Around Thanksgiving, the first homeless military veterans should be moving into a tiny-house neighborhood being built at 89th Street and Troost Avenue, a leader of the Veterans Community Project said Thursday.
If all goes well in the construction of sewers and other infrastructure, housing that the nonprofit group’s co-founder Chris Stout thought might be available last fall is finally in view — thanks to local contractors chipping in a least $300,000 in goods and labor.
Those donors were recognized at a morning groundbreaking ceremony attended by more than 60 supporters of the project, including Kansas City Hall officials.
“It’s coming to fruition,” Stout said. “All of these guys have done a piece to get us here.”
The Veterans Community Project, launched in 2015 by young combat veterans operating almost entirely on private funding, had bought 4 acres of cheap land from the city’s Land Bank without knowing the property lay more than 700 feet from sewer lines. The discovery nearly killed plans for the site of the future Veterans Village of 240-square-foot homes.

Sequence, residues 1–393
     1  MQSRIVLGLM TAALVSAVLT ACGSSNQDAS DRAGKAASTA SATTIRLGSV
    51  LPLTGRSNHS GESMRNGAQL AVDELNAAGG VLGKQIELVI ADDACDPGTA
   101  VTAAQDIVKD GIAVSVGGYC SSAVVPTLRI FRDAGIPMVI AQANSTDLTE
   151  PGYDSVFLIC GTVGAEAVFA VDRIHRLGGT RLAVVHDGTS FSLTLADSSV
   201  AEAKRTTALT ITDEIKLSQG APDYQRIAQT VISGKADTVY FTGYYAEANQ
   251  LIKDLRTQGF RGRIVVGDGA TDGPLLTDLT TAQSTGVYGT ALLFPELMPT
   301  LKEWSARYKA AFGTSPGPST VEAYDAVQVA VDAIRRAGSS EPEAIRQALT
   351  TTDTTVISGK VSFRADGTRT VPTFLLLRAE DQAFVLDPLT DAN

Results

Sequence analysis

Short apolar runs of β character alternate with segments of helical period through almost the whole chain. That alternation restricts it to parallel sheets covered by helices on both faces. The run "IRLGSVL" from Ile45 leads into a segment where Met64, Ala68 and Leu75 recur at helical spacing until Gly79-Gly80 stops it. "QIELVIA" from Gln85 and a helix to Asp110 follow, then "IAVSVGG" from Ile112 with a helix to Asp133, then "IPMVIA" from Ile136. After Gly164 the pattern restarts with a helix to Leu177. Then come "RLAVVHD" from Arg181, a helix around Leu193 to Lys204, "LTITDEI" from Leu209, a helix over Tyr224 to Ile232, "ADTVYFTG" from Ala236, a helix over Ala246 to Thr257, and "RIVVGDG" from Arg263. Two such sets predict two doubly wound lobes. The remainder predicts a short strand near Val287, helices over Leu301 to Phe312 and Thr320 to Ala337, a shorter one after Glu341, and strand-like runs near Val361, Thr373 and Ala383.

A $500,000 challenge to build sewers and other utilities was chopped by about four-fifths when several contractors offered free or reduced rates. Firms that came to the project’s rescue included Kissick Construction, Blue Nile Contractors, Augers Unlimited, Teague Electric and Taliaferro & Browne engineers, among others.
The lack of sewers was first noticed in February 2016 by project volunteer Mike Looney, a Taliaferro & Browne civil engineer who delivered the bad news on a weekend he helped clear brush from the property.
“I realized these guys didn’t really know much about what’s needed for site development,” said Looney. “So we drew up a plan.”
Veterans Village will begin with 10 houses now being stored nearby. According to plans, the neighborhood over time will include a community center and provide as many as 50 temporary units to homeless veterans.